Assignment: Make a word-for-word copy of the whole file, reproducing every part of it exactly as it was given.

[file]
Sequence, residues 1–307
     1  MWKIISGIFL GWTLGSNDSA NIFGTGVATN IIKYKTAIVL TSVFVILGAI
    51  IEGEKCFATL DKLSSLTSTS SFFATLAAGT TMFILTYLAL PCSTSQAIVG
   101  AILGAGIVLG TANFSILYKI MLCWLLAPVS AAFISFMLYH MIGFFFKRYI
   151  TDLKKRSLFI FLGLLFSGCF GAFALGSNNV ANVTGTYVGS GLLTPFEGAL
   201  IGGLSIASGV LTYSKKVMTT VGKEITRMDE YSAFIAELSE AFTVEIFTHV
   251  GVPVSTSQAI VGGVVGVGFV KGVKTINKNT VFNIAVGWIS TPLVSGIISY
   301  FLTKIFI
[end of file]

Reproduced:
Sequence, residues 1–307
     1  MWKIISGIFL GWTLGSNDSA NIFGTGVATN IIKYKTAIVL TSVFVILGAI
    51  IEGEKCFATL DKLSSLTSTS SFFATLAAGT TMFILTYLAL PCSTSQAIVG
   101  AILGAGIVLG TANFSILYKI MLCWLLAPVS AAFISFMLYH MIGFFFKRYI
   151  TDLKKRSLFI FLGLLFSGCF GAFALGSNNV ANVTGTYVGS GLLTPFEGAL
   201  IGGLSIASGV LTYSKKVMTT VGKEITRMDE YSAFIAELSE AFTVEIFTHV
   251  GVPVSTSQAI VGGVVGVGFV KGVKTINKNT VFNIAVGWIS TPLVSGIISY
   301  FLTKIFI